Worker Shortages Cause Concerns and Competitive Hiring

Since the pandemic hit in 2020, “We’re Hiring” signs and job postings have inundated the American public. Companies that struggle with hiring are currently scrambling to find good workers. An article published by CNN states “The National Association of Business Economics (NABE) found that nearly half — 47% — of respondents to its Business Conditions Survey reported a shortage of skilled workers in the third quarter of 2021. That's up from 32% reporting shortages in the second quarter of the year, which already was too high for comfort. And nobody thinks the labor shortages will just disappear as 2021 turns to 2022.”


An article from the “Insider” looks at case studies across the Construction Industry. The article reports that some companies are paying up to $20 an hour for workers who are untrained/unskilled. Business owners are desperate for laborers and face turning away potential projects from being under-staffed and at capacity with current workloads. On top of desperation and turning away work, business owners are competing with one another for workers in an already small labor pool. The pandemic caused a shift in thinking for many working Americans and inspired people to quit their jobs to pursue better pay, benefits, and other working conditions. This shift in mindset is referred to as the “Great Resignation”. CNBC reported that “The fifty percent of workers who describe their companies as currently understaffed are nearly twice as likely as workers with adequate staffing to say they've considered quitting their jobs in the last three months (43% vs. 23%). Overall, one in three workers (33%) say they've seriously considered quitting in recent months.” Business managers have been forced to comply with changes in the working world by adapting to Work from Home and hybrid working schedules. Many companies are now facing further changes to accommodate their staff, since losing workers will impact the productivity of their businesses.


As companies struggle to find new workers to keep up with workloads, current employees are facing burnout from increased workloads and stress. It has become a chaotic cycle for employers to hire, but also retain, employees. Although hybrid and work from home schedules let employees work from the comfort of their own homes, boundaries between work-life balance can become blurred. Many working people no longer need to commute to the office, or deal with office distractions, making hyper-productivity more common and leading to burnout.


The water and wastewater industry, specifically, has been affected. Workloads have increased, due to the essential nature of the industry, more people working from home and consuming water, government funding for WWTP/WTP upgrades, and severe storms causing a need for disaster relief. Many positions in the water and wastewater industry are notoriously hard to fill, and professionals in this field are working close to retirement age. Additionally, supply chains for essential products and items have been impacted by the worker shortage, making lead times on needed items long and the price of items much higher.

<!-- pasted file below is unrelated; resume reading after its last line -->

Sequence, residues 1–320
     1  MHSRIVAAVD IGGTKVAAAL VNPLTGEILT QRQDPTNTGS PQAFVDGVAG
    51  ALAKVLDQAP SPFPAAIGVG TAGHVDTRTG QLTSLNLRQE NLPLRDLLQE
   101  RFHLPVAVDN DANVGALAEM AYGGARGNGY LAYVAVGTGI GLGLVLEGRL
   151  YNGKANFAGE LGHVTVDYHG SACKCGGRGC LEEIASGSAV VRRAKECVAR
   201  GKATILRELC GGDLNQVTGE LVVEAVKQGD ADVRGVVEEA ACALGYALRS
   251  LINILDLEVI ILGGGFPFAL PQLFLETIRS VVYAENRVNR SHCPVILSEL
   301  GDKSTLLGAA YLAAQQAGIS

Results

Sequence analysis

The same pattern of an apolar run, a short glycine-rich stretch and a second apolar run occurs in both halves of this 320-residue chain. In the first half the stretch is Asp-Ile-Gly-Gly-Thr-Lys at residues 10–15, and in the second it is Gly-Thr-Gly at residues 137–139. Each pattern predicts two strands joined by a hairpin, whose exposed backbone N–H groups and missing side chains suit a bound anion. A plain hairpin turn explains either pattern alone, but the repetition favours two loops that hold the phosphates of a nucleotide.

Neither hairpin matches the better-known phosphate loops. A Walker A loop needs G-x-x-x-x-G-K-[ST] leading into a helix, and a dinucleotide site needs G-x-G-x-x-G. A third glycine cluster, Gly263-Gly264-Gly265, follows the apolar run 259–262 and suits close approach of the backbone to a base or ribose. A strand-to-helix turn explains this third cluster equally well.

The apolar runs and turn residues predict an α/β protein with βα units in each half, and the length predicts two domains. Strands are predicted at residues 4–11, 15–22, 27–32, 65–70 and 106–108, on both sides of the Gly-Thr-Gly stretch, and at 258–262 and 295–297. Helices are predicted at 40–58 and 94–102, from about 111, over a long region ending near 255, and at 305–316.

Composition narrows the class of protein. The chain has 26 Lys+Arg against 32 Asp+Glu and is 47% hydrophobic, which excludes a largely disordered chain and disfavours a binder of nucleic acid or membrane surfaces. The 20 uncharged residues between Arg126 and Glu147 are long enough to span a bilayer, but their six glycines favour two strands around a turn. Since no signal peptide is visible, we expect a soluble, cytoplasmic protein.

Some states have come up with creative ways to improve labor shortages in the water and wastewater industry. For example, in Michigan, $500,000 was granted by the Federal Government to get the younger generation enticed by the water and wastewater industry. The programs are supported by Grand Rapid Community College, the City of Grand Rapids, and Bay College in Escanaba, Michigan. The goal is to introduce teenagers from areas with high unemployment rates to jobs within the water and wastewater industry. The federal government has dedicated $3.8 million in grants across the U.S. for similar programs, hoping that by investing in the younger generation they can introduce them to an essential industry that needs new workers.

The worker shortage is affecting companies nationwide and in all industries. With the new Infrastructure Investment and Jobs Act (IIJA), and the Pennsylvania Infrastructure Investment Authority (PENNVEST) funding, workloads have gone up. Through these challenges, Keystone is continuing to grow and is actively hiring. Open opportunities at Keystone can be found on our website and are updated regularly https://www.kegi.net/opportunities

Citations:


Clear, Gina. “Water District Experiencing Employee Shortage.” The News Enterprise, 28 Oct. 2021, https://www.thenewsenterprise.com/news/local/water-district-experiencing-employee-shortage/article_ff4aeb09-2318-5b2b-88e3-7881d356420e.html.


Dean, Grace. “Construction Company Owner Says Labor Shortage Means He's Paying up to $20 an Hour to Workers Who Have 'No Idea' How to Do the Job.” Business Insider, Business Insider, 3 Nov. 2021, https://www.businessinsider.com/labor-shortage-construction-ceo-hiring-staff-no-experience-arkansas-employment-2021-11.


Haelterman, Taylor. “Industry Woes: Water Industry Struggles with Both Competitive Hiring and Retiring Workforce.” Great Lakes Now, 11 Aug. 2021, https://www.greatlakesnow.org/2021/08/water-industry-struggles-competitive-hiring-retiring-workforce/.


Rosenbaum, Eric. “A Vicious Job Market Feedback Loop Is Making the Great Resignation Even Worse - for Employers.” CNBC, CNBC, 5 Nov. 2021, https://www.cnbc.com/amp/2021/11/05/the-vicious-job-market-feedback-loop-making-great-resignation-worse.html.


Tappe, Anneken. “Nearly Half of American Companies Say They Are Short on Skilled Workers.” CNN, Cable News Network, 25 Oct. 2021, https://www.cnn.com/2021/10/25/economy/business-conditions-worker-shortage/index.html.


Whyte, Dana. “Industry Leaders Work to Address Staff Shortages in Water Industry.” WOODTV.com, WOODTV.com, 1 Nov. 2021, https://www.woodtv.com/news/grand-rapids/industry-leaders-work-to-address-staff-shortages-in-water-industry/.